Dangerous US diplomacy

Washington, 21 February 1998

In the beginning and middle of January 1998, three former US government officials came through Taipei — prompting one commentator in Taiwan to refer to the island's "...newfound status as an ex-US policy-maker transshipment center."

First came Joseph Nye (former assistant secretary of defense), then Richard Holbrooke (former assistant secretary of State), and then William Perry (former defense secretary) with a whole entourage.

Whether the visits were in some way coordinated or just coincidence remains a mystery. According to a Washington Post report of 21 Februari 1998 it was part of an attempt by the US to open a "track 2" dialogue with Beijing and Taiwan ("US seeks China-Taiwan Dialogue", by John Pomfret).

But The Economist correspondent Laurence Eyton and other Western correspondents in Taipei concluded that the foray of these former US officials amounted to dangerous diplomacy ("Shuttle diplomacy dangerous", China News, 25 January 1998).

The two main problems — according to the article — are:

  1. this represent a trial balloon by the foreign policy establishment in Washington to pressure Taiwan into negotiations with China. According to this analysis, some Clinton Administration officials have staked a lot on bettering relations with China at any cost, and look on Taiwan with a mixture of contempt and annoyance, because it simply gets in the way.

  2. The second problem is the quality of the people involved. None of the three seemed to have a profound understanding of Taiwan. A journalist in Taipei who had dinner with Holbrooke was shocked at how poor his knowledge of the situation was. Holbrooke apparently thought Taiwan was in favor of the Beijing-proposed "One country, two systems."

Mr. Perry didn't do too much better: he arrived in Taipei from Beijing, and stated that Beijing was "...prepared to restart talks with Taiwan without preconditions." The China News article correctly concluded that this would have been a "stunning policy change and a huge concession to Taiwan" on Beijing's part, and chided Mr. Perry for simply not understanding what he was talking about.

Fortunately, the Taiwan government saw through the Beijing ploy, and concluded that the Beijing definition of "One China" is a pre-condition in itself.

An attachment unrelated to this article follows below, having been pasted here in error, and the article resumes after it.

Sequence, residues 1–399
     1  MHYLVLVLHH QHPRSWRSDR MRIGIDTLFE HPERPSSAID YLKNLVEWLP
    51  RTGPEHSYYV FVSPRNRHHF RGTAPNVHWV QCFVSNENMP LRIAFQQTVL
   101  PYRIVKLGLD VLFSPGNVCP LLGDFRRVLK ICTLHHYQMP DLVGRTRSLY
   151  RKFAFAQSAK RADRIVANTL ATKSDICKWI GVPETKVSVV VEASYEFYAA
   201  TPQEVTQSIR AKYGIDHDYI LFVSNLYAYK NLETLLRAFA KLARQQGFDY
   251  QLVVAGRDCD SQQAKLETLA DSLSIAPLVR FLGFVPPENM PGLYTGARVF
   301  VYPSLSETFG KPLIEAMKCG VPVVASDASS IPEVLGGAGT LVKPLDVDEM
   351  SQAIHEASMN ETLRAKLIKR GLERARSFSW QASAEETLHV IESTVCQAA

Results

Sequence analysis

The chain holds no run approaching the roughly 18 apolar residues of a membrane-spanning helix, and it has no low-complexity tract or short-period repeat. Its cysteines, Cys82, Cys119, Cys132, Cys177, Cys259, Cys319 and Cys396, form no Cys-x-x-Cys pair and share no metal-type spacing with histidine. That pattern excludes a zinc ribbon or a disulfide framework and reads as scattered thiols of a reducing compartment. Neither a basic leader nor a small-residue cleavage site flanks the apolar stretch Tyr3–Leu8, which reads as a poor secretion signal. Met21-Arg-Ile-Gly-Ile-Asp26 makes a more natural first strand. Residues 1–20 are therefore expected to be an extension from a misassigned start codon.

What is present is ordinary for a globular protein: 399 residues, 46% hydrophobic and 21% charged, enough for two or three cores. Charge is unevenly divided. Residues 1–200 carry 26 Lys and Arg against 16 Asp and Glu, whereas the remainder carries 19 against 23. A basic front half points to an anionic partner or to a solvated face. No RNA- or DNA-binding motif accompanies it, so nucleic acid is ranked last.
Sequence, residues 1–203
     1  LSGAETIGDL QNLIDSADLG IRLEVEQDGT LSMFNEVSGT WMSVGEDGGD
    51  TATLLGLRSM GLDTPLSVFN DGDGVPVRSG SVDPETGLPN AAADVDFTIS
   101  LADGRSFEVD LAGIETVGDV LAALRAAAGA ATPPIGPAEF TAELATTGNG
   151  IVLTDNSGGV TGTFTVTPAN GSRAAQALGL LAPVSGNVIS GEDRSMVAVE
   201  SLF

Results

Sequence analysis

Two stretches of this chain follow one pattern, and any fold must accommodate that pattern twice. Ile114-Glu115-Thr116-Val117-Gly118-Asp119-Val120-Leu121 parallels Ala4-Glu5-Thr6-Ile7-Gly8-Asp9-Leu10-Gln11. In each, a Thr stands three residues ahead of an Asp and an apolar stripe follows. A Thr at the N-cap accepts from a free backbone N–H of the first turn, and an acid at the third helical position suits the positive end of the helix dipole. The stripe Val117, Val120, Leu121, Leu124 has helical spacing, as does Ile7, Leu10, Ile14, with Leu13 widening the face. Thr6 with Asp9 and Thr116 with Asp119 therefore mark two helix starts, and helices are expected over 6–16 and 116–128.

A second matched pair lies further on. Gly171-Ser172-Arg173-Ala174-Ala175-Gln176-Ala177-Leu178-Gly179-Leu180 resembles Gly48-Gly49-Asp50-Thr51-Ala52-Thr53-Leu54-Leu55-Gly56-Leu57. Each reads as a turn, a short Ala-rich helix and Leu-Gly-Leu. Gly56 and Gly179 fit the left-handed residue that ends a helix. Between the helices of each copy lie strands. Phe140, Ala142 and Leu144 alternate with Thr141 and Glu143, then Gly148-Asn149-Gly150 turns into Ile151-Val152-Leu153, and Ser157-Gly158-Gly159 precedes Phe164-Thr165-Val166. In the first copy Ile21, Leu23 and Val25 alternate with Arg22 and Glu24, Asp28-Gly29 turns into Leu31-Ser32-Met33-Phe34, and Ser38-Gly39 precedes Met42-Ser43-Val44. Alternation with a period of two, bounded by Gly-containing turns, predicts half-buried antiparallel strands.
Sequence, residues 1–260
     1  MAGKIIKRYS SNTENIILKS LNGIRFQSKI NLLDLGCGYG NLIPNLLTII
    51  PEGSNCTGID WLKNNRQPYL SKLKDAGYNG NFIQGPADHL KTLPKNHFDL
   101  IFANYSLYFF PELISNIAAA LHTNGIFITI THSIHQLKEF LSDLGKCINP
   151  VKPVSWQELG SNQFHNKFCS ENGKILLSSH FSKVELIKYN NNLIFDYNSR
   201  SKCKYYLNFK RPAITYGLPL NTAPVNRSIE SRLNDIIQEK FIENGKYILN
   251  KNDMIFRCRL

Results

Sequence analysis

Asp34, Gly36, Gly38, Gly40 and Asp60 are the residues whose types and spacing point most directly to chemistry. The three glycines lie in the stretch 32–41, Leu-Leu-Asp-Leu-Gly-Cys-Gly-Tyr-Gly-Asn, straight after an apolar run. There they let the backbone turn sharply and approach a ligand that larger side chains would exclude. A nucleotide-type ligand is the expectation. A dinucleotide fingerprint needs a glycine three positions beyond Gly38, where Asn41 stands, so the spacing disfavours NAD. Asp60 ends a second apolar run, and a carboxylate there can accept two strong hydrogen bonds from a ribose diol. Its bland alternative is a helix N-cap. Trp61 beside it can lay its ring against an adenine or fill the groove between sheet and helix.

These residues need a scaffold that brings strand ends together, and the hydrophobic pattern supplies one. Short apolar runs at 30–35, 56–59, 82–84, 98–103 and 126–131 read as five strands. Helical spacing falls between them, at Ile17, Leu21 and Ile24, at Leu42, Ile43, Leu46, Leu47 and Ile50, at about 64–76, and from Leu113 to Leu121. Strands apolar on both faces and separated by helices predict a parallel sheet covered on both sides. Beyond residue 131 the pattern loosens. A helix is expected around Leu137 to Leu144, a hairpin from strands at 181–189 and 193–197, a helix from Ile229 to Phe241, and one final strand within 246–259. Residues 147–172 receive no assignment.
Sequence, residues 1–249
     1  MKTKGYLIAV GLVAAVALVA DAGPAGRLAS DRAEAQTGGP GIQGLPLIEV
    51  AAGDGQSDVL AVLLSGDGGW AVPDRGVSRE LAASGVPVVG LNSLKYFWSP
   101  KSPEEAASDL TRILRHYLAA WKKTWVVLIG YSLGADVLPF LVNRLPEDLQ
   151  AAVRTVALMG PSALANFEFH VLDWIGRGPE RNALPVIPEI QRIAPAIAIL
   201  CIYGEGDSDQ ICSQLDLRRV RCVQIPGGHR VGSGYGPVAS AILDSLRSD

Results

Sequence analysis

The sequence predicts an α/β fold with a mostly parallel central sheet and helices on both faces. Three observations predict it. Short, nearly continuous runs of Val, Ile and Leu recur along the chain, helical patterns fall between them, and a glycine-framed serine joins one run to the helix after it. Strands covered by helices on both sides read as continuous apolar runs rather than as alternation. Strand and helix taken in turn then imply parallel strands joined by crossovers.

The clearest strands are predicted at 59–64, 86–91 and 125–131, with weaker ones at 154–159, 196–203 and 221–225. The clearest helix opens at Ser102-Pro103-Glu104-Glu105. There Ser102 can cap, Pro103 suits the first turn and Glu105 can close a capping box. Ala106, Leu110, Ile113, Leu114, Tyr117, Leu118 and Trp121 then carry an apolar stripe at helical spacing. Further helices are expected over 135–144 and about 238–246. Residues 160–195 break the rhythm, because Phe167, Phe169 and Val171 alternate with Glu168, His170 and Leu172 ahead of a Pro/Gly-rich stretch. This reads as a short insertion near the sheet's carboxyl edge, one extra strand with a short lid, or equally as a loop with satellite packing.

However, the worst of the three was former Pentagon policy-maker Joseph Nye, who reportedly proposed that three-way deal in which Beijing would somehow accept a "higher international profile" by Taiwan, and Taiwan would in return declare it would never declare independence and would lift its ban in direct links with China. In addition the US would make a commitment not to recognize Taiwan should it declare independence, and would urge other nations not to do so either.

Taiwan Communiqué comment: while the Taiwanese would welcome real help in solving the problem with China, these three gentlemen started out on the wrong foot. It would be good if they first talked extensively with democratically-elected representatives of the Taiwanese people. After all, it's their future we are talking about.

In particular Mr. Nye's proposals represent the worst kind of horse-trading and meddling in Taiwan's future, and should be rejected out of hand. It disregards the basic principles of self-determination and democracy which are enshrined in the Charter of the United Nations and which constitute (we presume !!) the basis for US foreign policy.

The US and other nations need to emphasize once and for all that it is the right of the Taiwanese people to determine their own future, without interference, threats or intimidation from China. And if they, the people of Taiwan, wish to be accepted as an independent nation named "Taiwan", that choice should be respected and even applauded by the international community.

As we have emphasized time and again, the best way to solve the problem is for China to accept Taiwan as a friendly neighboring state. This is in the mutual interest of the two nations, and will enhance safety and stability in East Asia.

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